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Issues when An Executor Dies

Sept. 17, 2020

Everyone in Florida should understand the importance of estate planning. Any adult, especially one with children, should have a plan for the worst-case scenario. The most well-known estate planning document is a last will and testament. In a will, the creator can outline how they want their assets to be distributed. They can also name a guardian for their minor children. Another important part of a will is the naming of an executor.

The Ins and Outs Being an Executor

An executor is the person who carries out the decedent’s wishes that are outlined in the will. This individual must be of sound mind and body to carry out these instructions. Sometimes, that’s not the case. An executor may be ill, suffering from dementia or otherwise not capable of carrying out these duties. There are even cases where the executor dies before the creator of the will.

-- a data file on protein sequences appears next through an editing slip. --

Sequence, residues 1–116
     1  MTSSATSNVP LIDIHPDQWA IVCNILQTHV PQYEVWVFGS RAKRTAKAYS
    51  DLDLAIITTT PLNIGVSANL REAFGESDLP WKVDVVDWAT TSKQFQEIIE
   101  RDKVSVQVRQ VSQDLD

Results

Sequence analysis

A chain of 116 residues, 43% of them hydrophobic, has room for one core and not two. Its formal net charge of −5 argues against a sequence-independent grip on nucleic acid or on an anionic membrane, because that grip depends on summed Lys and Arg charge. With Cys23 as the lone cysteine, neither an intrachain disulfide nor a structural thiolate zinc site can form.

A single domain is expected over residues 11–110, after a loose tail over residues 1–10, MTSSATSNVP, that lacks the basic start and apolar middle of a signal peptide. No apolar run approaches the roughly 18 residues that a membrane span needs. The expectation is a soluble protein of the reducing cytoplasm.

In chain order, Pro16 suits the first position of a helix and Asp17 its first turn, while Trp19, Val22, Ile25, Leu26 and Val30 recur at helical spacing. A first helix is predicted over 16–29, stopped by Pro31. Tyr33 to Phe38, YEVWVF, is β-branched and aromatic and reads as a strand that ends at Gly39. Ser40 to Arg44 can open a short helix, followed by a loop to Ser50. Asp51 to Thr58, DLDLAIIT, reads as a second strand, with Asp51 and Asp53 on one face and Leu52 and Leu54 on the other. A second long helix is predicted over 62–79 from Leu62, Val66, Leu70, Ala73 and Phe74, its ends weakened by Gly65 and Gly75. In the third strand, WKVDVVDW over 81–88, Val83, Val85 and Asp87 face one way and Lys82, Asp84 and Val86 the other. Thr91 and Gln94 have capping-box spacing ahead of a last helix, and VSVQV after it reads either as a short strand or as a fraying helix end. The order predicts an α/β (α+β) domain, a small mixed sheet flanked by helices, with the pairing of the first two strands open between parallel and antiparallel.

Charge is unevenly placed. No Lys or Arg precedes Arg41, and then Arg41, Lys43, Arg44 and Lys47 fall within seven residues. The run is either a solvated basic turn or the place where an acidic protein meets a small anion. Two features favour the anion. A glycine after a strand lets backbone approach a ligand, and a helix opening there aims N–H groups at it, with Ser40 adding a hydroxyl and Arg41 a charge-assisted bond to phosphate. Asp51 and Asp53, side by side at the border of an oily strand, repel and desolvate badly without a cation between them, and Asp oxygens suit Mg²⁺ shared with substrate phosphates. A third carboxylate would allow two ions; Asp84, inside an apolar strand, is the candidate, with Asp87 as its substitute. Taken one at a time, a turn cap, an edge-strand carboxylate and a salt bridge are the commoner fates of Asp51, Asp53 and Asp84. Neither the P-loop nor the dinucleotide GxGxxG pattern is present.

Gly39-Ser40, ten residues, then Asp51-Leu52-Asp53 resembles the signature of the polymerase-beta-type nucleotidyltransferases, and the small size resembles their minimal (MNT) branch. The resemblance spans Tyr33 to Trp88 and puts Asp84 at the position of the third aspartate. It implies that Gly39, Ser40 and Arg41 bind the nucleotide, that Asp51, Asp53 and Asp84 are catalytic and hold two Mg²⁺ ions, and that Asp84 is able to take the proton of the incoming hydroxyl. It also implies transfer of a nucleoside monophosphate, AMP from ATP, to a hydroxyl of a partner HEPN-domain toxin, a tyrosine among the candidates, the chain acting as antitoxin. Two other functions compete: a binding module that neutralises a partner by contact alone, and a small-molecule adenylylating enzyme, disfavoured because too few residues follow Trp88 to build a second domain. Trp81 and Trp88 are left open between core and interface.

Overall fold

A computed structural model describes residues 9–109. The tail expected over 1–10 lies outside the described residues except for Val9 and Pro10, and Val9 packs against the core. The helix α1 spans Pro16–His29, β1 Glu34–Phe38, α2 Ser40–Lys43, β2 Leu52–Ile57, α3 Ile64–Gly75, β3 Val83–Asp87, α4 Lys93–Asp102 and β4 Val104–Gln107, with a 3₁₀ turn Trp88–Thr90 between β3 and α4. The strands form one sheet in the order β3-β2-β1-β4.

In those cases, the court will evaluate the will. If a co-executor or alternate executor is named and is competent, they can be appointed. If not, a judge may appoint another individual or even a law firm with estate planning experience to act as executor. The same process applies if the executor dies or becomes incapacitated during the time the will is in probate. In those cases, the executor’s lawyer takes charge of documents, then passes them on to the new appointee.

Even basic estate planning can be challenging, both emotionally and practically. It’s always prudent to include an alternate executor in the document as a back-up plan. And it’s never a bad idea to seek legal advice when writing a will. An experienced lawyer could guide you through the estate planning process.